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China’s so insecure they’re stealing Olympians from across the world

InterContinental Beijing. (International Olympic Committee Media/Released)
February 15, 2022

As China hosts the 2022 Winter Olympic Games in Beijing, it’s staying quiet to the fact that its own athletes have little to no connection to the country. China is so desperate to win medals, and seemingly so insecure about its ability to do so, that it stole Olympic athletes from foreign nations to fill its roster.

As USA Today reported Thursday, 17 of the 22 players that took to the ice for the Chinese national hockey team were either born or raised in the United States or Canada. China has also recruited international athletes for other Olympic events, raising questions about both China’s rules barring dual citizenship as well as Olympic rules of competition.

The effort to recruit outside talent for its hockey team appears to have begun about three years ago. International Ice Hockey Federation bylaws state that a player can represent a country in the Olympics if they’ve lived in that country for two years and played for the national team. To get around this rule, China formed the Kunlun Red Star, an ice hockey club that joined Russia’s Kontinental Hockey League in the 2016-2017 season and has essentially served as China’s national team.

In around 2019, the Kunlun Red Star began recruiting many international players, including Jake Chelios.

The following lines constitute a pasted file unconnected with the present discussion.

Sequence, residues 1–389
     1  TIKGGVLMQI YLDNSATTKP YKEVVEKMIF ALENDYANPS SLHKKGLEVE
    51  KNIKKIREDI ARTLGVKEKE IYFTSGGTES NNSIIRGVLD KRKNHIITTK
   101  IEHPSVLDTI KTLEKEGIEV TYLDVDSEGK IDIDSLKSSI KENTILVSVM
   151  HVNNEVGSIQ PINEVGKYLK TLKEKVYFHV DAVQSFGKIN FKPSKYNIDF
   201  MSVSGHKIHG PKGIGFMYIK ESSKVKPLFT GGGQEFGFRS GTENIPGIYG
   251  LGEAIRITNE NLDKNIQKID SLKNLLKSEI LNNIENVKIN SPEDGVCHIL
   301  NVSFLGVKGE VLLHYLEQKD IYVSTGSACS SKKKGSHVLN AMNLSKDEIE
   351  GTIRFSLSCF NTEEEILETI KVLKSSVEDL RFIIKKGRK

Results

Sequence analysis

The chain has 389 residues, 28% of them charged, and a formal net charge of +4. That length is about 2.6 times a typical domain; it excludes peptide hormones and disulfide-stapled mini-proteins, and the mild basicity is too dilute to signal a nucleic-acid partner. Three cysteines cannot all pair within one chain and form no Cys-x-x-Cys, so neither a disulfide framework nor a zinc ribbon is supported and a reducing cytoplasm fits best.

Chelios, who was born in Michigan, told USA Today that a chance to play in the Olympics wasn’t his motivation “but they did tell me about the Olympics in the pitch.”

Chelios took the deal and joined the Kunlun Red Star.

“When you get the pitch [to play for China in the Olympics], it’s three years away, you’re like, ‘Okay, it would be a great added bonus for sure,” Chelios said. “Next couple years went by, it kind of got a little more realistic.”

Last summer, Chelios said he got another call last summer, this time informing him that he was on the Chinese Olympic team’s roster.

China goaltender Jeremy Smith, who was also born in Michigan and who played for Team USA at the 2008 World Junior Championships was similarly recruited to the Chinese Olympic team.

“This is sport. This is hockey. I’m here to represent China. When I’m in China, I’m Chinese. I’m supported by the Chinese. I’m truly thankful for that,” Smith said. “When I go to America, I’m American. I’m building bridges for younger generations from hockey, to inspire.”

China’s recruitment of outside talent goes beyond its men’s hockey team. The country has carried on a recruitment effort, referred to as the “Morning Road” program, with the aim of gathering top athletic talent from around the world to represent China as it hosts the Olympics.

Sow Keat Tok, a China researcher at the University of Melbourne, told ABC News Australia, “China is not a powerful nation in winter sports. As the host country, it looked for talent from all over the world to save its face.”